If you want to CUT, you need a gas assist, just like the oxy-acetylene torch, in that cases uses oxygen to CUT once the main flame has HEATED the metal to low white hot, no gas assist, no cut, just melt…. a magnifying glass on a hot summer day vs polysterene is the same deal, it will melt, but not cut.

Your CO2 laser will be powered by high voltage high frequency electricity, in FATAL quantities, running in the same fucking tube and millimetres away from WATER used to cool the tube, again, cheap Chinese glassware, hoses and clamps, vs higher quality German or other, and then there is the whole question of earthing the box and electronics… the laser beam will burn or blind you, the drive electronics will kill you, it happens, with regularity…. it’s not the kind of electrical shock that *might* kill you, or *could* kill you, it is the kind that will *probably* kill you or *almost certainly* kill you.

Maintenance is easy and cheap, make sure the tube is always drained if the ambient temps get near freezing, make sure everything is lubed and free from insects and dirt and contamination, clean the mirrors as often as required, eg every 1 to 4 weeks, that’s about it.

Running the laser is like running a printer or plotter, it’s the least of your fucking problems.

A 40 watt Epilog will vastly outperform a 100 watt chinese ebay special, not just in speed or accuracy, but in longevity and material maximum cut thicknesses… of course it is also vastly more expensive…. these are both extremes of the scale, avoid both and go for some middle ground.

In closing, in metal machining, you use feeds and speeds, and you can buy books of ready reckoner tables for these, if you are running a 4 flute 6mm diameter endmill at 2,000 RPM into aluminium the optimal chip load per tooth will give you your feeds and speeds, so for example if each flute could cut 0.05 mm of material off the work, 4 flutes x RPM gives you 0.05 x 4 x 2000 = 400 mm/min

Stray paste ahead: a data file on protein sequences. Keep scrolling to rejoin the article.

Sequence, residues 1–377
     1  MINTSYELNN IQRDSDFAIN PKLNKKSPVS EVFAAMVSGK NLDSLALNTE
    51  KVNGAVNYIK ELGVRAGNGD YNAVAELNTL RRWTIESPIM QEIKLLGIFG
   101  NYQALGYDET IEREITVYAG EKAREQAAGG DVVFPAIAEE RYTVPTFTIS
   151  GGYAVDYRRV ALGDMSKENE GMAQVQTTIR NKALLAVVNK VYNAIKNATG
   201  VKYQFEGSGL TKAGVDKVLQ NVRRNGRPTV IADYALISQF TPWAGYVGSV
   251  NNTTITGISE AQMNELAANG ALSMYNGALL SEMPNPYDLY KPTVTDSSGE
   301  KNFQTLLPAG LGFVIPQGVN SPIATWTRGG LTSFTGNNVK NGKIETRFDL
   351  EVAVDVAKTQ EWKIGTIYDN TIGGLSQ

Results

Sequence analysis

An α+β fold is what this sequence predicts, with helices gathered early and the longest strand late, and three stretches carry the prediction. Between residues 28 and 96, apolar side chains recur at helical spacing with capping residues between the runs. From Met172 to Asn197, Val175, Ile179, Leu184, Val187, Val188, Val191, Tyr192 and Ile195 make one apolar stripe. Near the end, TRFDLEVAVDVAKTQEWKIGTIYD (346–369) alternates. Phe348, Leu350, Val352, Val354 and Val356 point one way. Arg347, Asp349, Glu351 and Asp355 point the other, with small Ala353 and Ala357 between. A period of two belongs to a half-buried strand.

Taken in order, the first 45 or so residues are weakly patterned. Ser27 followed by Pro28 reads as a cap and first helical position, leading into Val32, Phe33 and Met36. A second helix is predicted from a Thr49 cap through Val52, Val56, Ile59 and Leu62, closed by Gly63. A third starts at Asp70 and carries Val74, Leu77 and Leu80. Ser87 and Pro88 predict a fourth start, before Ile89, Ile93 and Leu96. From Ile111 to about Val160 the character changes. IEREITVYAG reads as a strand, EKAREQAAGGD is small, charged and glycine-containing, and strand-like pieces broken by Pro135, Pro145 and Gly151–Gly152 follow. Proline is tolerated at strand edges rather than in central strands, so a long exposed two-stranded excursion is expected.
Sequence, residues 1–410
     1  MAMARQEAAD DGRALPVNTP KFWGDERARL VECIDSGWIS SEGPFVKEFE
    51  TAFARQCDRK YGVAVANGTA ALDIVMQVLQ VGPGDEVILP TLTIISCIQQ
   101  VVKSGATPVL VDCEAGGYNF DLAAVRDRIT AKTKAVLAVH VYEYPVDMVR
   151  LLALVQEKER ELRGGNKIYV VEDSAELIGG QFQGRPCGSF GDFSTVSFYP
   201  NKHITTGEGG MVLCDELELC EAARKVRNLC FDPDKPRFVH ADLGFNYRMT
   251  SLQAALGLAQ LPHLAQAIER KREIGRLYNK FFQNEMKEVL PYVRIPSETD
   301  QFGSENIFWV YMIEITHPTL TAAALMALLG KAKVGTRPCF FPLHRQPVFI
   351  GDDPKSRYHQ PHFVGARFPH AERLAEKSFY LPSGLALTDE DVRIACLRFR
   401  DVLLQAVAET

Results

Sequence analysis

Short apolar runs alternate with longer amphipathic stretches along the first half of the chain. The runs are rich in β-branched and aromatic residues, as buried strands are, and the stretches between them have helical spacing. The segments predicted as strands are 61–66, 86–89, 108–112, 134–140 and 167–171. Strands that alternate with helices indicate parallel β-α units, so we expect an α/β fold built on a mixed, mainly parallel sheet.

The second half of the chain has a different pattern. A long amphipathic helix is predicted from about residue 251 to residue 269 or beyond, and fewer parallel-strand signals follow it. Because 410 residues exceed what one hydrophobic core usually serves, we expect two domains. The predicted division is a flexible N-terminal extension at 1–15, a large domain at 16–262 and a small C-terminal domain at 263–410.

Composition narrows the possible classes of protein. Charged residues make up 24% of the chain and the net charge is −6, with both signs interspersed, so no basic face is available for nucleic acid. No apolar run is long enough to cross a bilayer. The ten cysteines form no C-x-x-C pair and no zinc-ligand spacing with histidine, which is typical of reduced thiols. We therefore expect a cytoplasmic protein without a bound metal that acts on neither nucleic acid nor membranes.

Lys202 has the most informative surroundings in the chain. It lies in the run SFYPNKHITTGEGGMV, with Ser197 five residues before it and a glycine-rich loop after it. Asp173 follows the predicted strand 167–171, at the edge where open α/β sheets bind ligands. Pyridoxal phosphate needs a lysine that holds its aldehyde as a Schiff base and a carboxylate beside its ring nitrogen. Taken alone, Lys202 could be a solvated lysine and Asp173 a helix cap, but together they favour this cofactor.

Lasers work on power, usually as a percentage or total output, and speed, mm/min, but nobody will sell you tables of the ideal speed to cut 3mm acrylic on your laser, trial and error is your *only* option, and then note it down, irrespective of the claimed total tube power or claimed maximum speed, this will determine actual time for each job…. 10% power @ 100 mm/min is very very similar to 20% power @ 200 mm/min, and try and avoid more than 80% power for extended periods… so if it takes 75% power to cut at speed X, that’s your practical limit.

Before I forget, repeatable accuracy is another bitch, the laser head should be able to go all around the table and get back to a precise point with reasonable repeatable accuracy, this is probably of the order of 25% of the minimum size object that can be cut, so 0.25 mm repeatable accuracy will probably give you a 1.0 mm minimum circle / hole that can be cut…. and it won’t be a perfect circle.

You won’t get fantastic repeatable accuracy on a big machine, unless you blow big numbers with 5 or 6 zeroes behind at it.

That, I think, is about it.


1 Comment

  1. Sometimes I read your blog and feel so stupid. Keep up the good work

    Comment by Jimbob — May 24, 2014 @ 11:18 pm